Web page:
A newspaper in Michigan is reporting on what is described as a the "shocking and scary" story of a disabled cruise passenger who faced the obstacles of a non ADA-compliant cruise ship only to have the cruise line force him off the ship in a Caribbean port to fend for himself alone. Jim Keskeny, age 66, is confined to a wheelchair after being diagnosed with multiple sclerosis ("MS"). He booked a cruise of the eastern Caribbean with Celebrity Cruises, which is owned by cruise line giant Royal Caribbean Cruises. The newspaper reports that Mr. Keskeny paid $4,000 for a larger stateroom for his wheelchair. He also reportedly paid extra to have a crew member available to assist him because he was traveling alone. According to the article "Voices of Disability: Cruise Line Strands Disabled Senior on Island" written by journalist Jerry Wolffe, Mr. Keskeny had traveled extensively during his career on behalf of the Multiple Sclerosis International Federation. But his treatment on the cruise ship was like nothing he had experienced before. The cruise line refused to assist him getting over the non ADA-compliant threshold into the bathroom, or to assist him when he fell. "They wouldn't touch me," he said. "I felt like a leper." "If they had to touch me or lift me, I would be made to disembark," he said cruise officials told him. On the seventh day of the cruise, the cruise officers were true to their threat. They ordered Mr. Keskeny off the cruise ship and left him in his wheelchair in Guadeloupe, alone. He reportedly spent about $1,500 to get home. The newspaper notes that of additional concern to Mr. Keskeny, was the fact that he had to travel through the airport in Haiti. Travel to Haiti normally requires vaccinations for certain diseases which pose a particular threat to Mr. Keskeny because of his MS which weakens a person's immune system. The cruise in question was aboard the Century, one of Celebrity Cruises' older ships. Although our firm does not handle ADA violation cases, the issue of how cruise lines treat or, in this case, mistreat customers is of particular interest to me. How any particular corporation treats the handicapped and elderly is ultimately the greatest reflective of the ethics and core values of the company. We asked Royal Caribbean for its side of the story but the cruise line refused to respond. Ironically, in February we reported on this cruise line exceeding a disabled passenger's expectations (admittedly only after a few disastrous attempts). Consider reading Celebrity Cruises Provides Perfect Cruise for Visually Impaired Guest. Readers, what do you believe is the cruise line with the best (or worst) reputation for accommodating the needs of disabled passengers? Let us hear from you. Please leave a comment below.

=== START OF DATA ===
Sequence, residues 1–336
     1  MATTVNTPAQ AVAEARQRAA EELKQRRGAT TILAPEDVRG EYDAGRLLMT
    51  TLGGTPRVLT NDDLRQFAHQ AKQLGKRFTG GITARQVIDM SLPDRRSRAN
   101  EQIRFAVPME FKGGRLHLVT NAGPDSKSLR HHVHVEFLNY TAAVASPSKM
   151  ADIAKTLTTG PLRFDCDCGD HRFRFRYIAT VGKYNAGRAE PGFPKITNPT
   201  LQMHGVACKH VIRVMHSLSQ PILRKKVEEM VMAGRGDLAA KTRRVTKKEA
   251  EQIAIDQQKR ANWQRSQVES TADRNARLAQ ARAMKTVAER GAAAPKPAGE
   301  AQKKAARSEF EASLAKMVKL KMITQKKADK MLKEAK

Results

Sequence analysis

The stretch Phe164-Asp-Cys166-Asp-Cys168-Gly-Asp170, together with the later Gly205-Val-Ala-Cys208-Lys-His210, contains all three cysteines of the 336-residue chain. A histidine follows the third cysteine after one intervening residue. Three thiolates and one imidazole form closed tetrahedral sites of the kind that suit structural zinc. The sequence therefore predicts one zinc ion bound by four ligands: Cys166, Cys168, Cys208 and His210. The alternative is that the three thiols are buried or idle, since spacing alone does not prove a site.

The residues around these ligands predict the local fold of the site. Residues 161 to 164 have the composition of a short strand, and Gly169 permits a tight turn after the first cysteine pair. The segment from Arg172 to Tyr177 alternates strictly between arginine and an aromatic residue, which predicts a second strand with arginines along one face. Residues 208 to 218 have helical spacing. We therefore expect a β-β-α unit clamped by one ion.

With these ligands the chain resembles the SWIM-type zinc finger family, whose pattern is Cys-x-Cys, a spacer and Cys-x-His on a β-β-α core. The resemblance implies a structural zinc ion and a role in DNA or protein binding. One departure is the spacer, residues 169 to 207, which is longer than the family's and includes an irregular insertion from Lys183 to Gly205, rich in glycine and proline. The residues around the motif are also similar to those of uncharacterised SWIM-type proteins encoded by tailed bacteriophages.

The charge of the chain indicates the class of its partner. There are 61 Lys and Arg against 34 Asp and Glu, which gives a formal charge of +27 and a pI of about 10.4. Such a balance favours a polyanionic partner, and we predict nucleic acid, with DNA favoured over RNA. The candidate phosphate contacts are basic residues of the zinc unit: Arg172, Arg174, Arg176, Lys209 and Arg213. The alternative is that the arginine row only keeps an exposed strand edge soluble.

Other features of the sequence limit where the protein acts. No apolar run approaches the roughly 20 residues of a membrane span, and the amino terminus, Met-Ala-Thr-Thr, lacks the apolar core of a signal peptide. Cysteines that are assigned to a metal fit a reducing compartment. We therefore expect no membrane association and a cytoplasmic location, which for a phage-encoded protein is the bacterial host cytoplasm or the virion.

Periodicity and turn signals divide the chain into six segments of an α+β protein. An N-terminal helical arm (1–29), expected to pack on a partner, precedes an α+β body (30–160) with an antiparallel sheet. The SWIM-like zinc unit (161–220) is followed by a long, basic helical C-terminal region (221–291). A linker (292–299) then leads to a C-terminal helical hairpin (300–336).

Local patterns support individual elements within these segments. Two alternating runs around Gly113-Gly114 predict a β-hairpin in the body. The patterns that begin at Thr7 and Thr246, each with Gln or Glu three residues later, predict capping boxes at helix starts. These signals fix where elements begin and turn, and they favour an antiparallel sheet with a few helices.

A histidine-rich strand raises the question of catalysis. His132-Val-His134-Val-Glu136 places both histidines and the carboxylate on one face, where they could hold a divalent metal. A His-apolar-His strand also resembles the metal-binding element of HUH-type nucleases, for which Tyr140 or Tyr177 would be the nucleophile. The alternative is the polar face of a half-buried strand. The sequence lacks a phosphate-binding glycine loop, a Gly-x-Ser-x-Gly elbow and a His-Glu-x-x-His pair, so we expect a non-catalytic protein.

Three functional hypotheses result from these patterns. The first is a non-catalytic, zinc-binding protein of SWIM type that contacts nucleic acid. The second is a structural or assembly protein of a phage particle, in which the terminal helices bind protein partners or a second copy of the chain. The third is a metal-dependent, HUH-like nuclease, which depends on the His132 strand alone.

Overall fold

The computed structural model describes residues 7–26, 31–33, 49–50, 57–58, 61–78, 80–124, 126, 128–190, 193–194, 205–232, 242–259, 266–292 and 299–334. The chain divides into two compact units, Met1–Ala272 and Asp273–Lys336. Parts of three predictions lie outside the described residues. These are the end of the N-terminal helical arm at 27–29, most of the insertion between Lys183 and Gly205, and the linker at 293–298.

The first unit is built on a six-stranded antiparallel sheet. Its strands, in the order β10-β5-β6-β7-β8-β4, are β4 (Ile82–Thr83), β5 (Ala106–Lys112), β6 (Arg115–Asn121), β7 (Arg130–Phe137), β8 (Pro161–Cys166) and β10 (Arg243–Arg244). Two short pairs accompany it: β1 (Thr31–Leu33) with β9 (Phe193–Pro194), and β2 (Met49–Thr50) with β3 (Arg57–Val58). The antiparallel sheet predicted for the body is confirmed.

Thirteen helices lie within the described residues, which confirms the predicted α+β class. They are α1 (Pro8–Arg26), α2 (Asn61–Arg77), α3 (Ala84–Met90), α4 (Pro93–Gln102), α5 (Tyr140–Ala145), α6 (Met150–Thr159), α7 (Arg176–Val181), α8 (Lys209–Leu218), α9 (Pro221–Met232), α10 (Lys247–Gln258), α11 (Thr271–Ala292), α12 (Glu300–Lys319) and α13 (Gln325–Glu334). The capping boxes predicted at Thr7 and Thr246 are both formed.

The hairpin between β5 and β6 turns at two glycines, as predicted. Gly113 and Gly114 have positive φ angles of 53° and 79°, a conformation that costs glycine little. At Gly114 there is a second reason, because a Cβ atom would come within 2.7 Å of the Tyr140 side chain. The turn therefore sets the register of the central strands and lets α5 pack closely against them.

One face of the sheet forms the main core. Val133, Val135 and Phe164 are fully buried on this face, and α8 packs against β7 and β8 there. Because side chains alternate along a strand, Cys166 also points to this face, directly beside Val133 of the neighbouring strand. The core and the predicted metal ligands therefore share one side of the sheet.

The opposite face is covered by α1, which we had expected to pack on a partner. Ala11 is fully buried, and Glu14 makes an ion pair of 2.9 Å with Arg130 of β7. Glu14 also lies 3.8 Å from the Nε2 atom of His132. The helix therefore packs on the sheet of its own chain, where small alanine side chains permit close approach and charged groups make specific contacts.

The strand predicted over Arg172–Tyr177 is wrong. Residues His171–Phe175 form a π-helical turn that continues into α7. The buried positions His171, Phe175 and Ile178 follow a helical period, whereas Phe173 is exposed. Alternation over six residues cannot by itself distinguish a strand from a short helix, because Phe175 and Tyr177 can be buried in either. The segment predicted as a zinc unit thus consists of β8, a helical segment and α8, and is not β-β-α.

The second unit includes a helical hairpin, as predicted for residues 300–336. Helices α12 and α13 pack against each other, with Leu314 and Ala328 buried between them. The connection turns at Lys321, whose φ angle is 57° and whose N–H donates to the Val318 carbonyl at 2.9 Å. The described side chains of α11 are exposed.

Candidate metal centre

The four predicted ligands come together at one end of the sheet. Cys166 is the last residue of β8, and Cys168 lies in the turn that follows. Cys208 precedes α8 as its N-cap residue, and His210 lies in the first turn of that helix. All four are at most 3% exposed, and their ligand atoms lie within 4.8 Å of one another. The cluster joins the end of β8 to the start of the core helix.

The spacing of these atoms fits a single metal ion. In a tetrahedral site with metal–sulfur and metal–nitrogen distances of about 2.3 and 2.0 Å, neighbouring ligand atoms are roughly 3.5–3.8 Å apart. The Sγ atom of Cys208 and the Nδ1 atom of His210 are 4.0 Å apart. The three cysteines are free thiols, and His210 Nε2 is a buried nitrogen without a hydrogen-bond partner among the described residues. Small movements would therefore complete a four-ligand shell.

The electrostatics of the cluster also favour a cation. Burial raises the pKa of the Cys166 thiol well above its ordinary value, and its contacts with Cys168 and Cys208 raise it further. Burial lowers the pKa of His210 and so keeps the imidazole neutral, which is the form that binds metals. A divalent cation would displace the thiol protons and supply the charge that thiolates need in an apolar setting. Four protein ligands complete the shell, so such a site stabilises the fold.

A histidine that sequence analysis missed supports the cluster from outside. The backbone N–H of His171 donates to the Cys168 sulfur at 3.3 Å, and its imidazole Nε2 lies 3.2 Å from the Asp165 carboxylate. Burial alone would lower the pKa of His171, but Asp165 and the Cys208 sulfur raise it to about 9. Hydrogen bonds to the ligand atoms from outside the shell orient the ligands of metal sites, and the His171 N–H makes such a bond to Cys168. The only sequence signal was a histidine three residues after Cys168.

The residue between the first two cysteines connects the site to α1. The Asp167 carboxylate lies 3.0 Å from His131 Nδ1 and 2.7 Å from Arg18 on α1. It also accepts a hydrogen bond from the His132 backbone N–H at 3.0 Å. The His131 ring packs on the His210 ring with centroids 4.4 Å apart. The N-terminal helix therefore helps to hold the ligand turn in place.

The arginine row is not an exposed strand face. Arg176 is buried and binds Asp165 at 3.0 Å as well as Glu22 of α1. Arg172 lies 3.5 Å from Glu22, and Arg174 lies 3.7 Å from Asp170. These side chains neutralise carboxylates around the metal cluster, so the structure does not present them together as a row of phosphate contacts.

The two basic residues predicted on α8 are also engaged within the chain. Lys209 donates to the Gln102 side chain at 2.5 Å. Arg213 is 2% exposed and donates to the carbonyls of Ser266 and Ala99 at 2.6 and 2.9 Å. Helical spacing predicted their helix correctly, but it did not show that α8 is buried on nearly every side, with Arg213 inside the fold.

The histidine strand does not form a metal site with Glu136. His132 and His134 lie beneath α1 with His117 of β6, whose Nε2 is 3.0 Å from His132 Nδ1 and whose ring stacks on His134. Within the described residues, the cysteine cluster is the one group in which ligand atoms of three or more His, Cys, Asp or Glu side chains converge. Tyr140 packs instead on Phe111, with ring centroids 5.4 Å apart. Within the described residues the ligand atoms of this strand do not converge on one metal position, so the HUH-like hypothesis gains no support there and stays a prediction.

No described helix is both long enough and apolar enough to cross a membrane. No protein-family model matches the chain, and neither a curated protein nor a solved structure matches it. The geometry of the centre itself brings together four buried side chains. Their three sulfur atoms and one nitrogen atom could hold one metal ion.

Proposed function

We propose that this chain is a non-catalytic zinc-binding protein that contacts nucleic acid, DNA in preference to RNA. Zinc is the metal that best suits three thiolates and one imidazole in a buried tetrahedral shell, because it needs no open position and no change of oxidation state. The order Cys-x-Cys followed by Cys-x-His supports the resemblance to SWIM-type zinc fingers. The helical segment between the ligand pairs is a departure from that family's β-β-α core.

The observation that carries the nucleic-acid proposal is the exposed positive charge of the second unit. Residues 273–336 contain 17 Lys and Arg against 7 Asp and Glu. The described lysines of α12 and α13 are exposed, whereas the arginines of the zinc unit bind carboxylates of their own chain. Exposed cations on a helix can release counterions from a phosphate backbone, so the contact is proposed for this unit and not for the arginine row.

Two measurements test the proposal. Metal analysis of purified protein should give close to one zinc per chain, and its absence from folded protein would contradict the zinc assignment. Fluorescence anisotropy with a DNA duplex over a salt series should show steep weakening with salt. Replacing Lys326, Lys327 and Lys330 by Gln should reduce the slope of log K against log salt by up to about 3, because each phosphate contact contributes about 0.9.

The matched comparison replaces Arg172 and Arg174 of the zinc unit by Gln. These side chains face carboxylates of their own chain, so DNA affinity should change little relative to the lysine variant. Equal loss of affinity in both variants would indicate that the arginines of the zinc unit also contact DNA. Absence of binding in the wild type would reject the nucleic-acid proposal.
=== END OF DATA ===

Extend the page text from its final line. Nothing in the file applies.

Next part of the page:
Read more detail on Recent Admiralty Law Posts –